GlaxoSmithKline ($GSK) may be suffering from R&D setbacks, generic competition and corruption investigations in a dozen countries, but its HIV-oriented venture ViiV Healthcare is racking up new OKs. Friday, the company scored the FDA's blessing for a combo drug pegged at $5 billion in peak sales.
It's a three-way combination pill, Triumeq, which adds ViiV's newest antiviral, Tivicay (dolutegravir), to two commonly used treatments, abacavir and lamivudine. Approved last August, Tivicay was the third drug in a newer class of HIV fighters: integrase inhibitors.
|ViiV CEO Dominique Limet|
It's also the second brand-new drug for ViiV, formed four years ago as a joint venture between GSK and Pfizer ($PFE); the company now has another partner, Shionogi, the Japanese drugmaker. "We are proud to announce this important milestone, marking the second new treatment to be approved in the U.S. from our pipeline of medicines," ViiV CEO Dominique Limet said in a statement.
One of the challenges HIV patients face is remembering to take their pills--and how and when. For drugmakers, keeping patients on their meds is key to keeping sales coming. Plus, adding a brand new med to two older drugs available as generics, as abacavir and lamuvidine are, creates a new product that's not vulnerable to head-to-head generics. So, ViiV and its rivals have developed a series of combo drugs to make compliance--and competition--easier.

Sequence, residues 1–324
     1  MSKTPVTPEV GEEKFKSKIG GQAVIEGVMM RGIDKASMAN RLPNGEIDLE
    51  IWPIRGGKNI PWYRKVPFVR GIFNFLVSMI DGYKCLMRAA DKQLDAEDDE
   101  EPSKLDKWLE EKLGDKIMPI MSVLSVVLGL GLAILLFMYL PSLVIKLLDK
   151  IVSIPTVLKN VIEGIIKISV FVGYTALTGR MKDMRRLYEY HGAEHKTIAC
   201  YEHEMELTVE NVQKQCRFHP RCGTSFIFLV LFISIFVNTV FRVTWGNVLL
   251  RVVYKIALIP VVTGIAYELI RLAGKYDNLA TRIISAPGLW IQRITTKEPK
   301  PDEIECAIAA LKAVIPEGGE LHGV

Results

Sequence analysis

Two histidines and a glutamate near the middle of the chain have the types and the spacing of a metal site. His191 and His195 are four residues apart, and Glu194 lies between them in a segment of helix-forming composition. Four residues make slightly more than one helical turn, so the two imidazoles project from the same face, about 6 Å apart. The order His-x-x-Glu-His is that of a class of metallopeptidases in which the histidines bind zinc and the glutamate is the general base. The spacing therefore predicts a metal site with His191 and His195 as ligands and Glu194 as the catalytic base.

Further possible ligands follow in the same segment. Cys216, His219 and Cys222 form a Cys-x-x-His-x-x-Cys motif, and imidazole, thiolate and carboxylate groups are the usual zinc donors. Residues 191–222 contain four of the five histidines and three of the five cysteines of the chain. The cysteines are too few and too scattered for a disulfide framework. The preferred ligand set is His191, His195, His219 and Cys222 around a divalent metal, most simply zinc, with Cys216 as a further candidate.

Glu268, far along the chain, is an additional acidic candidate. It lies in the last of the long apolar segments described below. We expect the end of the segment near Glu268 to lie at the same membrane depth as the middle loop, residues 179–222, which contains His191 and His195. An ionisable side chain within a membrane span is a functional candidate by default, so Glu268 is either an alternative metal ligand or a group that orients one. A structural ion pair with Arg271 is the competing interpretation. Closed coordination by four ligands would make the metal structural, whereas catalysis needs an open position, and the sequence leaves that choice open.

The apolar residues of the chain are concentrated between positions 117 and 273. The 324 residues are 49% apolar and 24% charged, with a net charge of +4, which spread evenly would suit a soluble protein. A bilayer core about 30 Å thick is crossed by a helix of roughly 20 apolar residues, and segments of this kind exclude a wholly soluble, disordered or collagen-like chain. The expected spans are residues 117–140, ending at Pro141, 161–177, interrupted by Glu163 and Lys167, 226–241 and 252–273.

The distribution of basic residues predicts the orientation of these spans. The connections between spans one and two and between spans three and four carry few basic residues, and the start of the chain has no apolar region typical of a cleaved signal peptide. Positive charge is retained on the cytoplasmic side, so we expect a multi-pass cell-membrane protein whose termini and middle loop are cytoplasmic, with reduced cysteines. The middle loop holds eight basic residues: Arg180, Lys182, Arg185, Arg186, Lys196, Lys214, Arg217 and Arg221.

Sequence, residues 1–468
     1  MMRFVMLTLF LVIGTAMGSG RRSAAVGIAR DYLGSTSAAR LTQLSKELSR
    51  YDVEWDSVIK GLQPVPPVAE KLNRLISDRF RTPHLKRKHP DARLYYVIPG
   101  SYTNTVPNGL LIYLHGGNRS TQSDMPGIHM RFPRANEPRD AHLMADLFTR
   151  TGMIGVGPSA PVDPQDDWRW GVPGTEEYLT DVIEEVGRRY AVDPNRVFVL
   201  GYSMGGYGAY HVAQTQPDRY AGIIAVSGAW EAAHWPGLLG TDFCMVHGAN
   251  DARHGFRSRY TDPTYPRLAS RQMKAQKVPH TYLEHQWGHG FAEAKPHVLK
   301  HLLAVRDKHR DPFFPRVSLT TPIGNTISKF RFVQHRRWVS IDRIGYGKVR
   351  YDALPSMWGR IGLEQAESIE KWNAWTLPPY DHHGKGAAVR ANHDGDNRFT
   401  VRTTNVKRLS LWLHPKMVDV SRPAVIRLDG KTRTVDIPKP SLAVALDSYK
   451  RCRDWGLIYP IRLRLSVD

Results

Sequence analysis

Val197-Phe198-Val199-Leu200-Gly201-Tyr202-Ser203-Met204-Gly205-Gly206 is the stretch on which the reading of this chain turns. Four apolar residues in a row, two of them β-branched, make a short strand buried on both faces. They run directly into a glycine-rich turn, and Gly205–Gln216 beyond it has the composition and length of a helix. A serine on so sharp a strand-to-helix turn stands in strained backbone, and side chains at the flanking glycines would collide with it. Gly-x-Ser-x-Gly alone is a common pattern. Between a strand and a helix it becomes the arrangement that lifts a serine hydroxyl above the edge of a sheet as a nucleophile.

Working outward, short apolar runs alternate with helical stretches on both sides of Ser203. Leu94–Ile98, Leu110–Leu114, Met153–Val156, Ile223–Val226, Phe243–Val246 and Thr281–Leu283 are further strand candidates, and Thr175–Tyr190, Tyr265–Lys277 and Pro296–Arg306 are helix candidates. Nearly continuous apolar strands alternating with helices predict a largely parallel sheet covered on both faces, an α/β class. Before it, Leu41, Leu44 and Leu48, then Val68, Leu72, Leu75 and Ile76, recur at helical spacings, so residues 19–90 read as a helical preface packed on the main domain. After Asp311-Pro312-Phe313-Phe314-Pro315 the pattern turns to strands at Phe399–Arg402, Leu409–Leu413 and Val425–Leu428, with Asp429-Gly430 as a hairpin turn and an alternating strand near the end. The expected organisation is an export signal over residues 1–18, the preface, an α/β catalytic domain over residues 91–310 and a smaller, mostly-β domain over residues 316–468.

Gilead Sciences ($GILD), for instance, rolled out a four-in-one pill last year, Stribild, and it's well on its way to blockbuster-land. Analysts see it hitting $2.4 billion by 2016.
But persuading payers that combination pills are worth premium prices isn't always easy. With a $28,000 price tag, Stribild has come up against some resistance; some payers, including Aetna, have put the pill on its prior-authorization list to try to limit its use. A ViiV combo pill, Combivir, is excluded from some of the insurer's formularies altogether, but each of its two ingredients is available as a generic--and it faces combo copycats, too.
Of course, pricing is an issue, and we haven't yet heard from ViiV about Triumeq's cost. Tivicay got a $14,000-per-year price tag when it rolled out in the U.S. last year. Analysts see the Tivicay/Triumeq franchise bringing in $2.2 billion by 2018, with peak sales of up to $5 billion.
- read the release from ViiV
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